procedures required in Public Law 104-106, Section 219 - “Nonlethal Weapons Study” by making the Commandant of the Marine Corps, in conjunction with the other military services, Department of Defense agencies and the Unified CINCs, the primary conduit for reviewing, coordinating, and integrating new non-lethal weapons programs and making recommendations on those programs
to the Under Secretary of Defense (Acquisition and Technology).117


C. Other Selection Factors

Once the desired capabilities have been determined and the availability of the systems which can provide those capabilities have been ascertained, other factors to be considered in the selection process are training, logistical support (mobility), quantity and spare parts requirements, combat load, environmental limitations, characteristics of the system, and cost.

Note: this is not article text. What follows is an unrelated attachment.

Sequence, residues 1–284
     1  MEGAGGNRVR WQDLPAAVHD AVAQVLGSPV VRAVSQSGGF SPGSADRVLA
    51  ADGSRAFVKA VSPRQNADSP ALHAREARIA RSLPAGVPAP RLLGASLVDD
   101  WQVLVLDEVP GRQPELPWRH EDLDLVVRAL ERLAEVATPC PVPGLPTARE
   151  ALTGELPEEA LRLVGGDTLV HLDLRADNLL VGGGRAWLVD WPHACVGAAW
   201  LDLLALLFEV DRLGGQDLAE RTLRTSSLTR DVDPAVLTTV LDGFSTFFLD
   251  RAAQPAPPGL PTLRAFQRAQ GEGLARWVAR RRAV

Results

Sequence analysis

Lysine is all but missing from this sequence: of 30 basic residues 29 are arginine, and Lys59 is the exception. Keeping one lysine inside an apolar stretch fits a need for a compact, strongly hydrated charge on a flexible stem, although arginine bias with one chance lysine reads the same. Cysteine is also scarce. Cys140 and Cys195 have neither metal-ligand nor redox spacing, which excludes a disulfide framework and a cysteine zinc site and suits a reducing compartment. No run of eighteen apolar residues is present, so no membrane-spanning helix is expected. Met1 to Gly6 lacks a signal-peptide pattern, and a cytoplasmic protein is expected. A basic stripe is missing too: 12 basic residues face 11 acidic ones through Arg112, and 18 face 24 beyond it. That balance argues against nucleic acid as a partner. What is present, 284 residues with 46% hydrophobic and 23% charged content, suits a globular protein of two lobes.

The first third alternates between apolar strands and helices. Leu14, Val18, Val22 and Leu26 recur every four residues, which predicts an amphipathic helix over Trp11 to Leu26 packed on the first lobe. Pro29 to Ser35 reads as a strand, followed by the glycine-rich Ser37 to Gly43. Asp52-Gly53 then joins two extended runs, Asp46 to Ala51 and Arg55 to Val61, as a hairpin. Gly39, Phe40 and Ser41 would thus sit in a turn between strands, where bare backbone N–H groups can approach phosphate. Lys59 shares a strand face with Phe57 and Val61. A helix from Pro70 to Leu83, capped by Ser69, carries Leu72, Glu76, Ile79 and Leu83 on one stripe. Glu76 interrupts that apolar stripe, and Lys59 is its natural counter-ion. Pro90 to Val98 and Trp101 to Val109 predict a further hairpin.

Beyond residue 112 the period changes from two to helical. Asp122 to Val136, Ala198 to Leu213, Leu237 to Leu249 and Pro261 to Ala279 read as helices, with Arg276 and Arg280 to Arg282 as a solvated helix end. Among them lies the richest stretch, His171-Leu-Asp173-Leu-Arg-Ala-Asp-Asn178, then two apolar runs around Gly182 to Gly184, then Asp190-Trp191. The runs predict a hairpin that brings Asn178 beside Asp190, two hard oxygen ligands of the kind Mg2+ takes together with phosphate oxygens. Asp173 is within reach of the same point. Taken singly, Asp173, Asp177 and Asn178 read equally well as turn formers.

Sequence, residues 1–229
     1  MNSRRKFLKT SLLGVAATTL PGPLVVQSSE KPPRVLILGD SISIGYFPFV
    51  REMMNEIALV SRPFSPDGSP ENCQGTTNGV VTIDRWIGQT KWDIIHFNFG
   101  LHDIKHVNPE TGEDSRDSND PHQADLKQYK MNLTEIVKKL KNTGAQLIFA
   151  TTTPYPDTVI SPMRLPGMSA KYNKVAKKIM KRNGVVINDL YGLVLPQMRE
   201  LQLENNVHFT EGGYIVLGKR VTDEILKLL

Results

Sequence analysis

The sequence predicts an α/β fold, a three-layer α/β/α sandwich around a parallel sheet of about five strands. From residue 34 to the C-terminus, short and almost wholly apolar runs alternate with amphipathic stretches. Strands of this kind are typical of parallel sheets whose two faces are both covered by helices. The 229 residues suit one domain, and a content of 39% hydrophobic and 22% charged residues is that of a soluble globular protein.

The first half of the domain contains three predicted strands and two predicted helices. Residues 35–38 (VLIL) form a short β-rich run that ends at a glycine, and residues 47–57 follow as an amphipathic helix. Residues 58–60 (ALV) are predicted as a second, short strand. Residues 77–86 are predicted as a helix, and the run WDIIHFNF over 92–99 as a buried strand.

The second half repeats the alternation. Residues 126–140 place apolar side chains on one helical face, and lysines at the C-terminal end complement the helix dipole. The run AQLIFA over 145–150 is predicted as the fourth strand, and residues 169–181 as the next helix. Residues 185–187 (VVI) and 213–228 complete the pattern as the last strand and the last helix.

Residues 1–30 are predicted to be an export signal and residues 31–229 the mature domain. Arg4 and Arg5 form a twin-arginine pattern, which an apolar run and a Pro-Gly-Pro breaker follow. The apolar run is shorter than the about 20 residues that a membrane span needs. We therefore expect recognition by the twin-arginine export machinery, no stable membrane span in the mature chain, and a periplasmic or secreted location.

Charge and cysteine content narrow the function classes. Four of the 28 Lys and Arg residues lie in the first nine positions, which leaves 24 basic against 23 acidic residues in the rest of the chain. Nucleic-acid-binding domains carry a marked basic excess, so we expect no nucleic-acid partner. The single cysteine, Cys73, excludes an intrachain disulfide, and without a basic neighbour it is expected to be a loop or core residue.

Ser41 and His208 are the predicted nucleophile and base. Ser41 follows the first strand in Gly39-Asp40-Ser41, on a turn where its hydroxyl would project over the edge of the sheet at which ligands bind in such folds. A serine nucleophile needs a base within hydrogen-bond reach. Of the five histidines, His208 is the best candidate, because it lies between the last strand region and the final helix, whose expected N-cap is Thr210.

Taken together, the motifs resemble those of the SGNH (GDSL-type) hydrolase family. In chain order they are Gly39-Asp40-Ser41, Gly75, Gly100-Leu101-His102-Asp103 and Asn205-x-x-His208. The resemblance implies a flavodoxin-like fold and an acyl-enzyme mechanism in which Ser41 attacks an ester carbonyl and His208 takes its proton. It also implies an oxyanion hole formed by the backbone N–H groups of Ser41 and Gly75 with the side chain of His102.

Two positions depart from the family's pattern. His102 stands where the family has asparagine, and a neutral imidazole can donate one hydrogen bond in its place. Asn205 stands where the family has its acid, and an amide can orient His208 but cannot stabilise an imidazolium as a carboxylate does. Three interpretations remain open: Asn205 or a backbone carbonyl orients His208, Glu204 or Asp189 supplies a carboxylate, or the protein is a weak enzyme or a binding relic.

The training required for the use of some non-lethal weapon systems is not only difficult and expensive, but also very time consuming. For this reason, it may be important to know whether the training for the system is compatible with or complements the training the unit has scheduled for the traditional lethal weapon systems.118

In addition, to evaluate the full impact of the training, the commander may need to know whether or not a special land based training facility will be required. If such a training facility is needed, additional time and money would need to be set aside to meet this requirement since this training could not be accomplished during normal transit (either by ship or by air) to the area of
operation.119

Similarly, logistical support for the non-lethal weapon system selected is important. In simple terms, the commander must consider the system’s mobility. For most operations, commanders will have a limited amount of aircraft lift and ship’s cargo space available to move their units and equipment into the area of operation. Due to these space constraints, the size of the nonlethal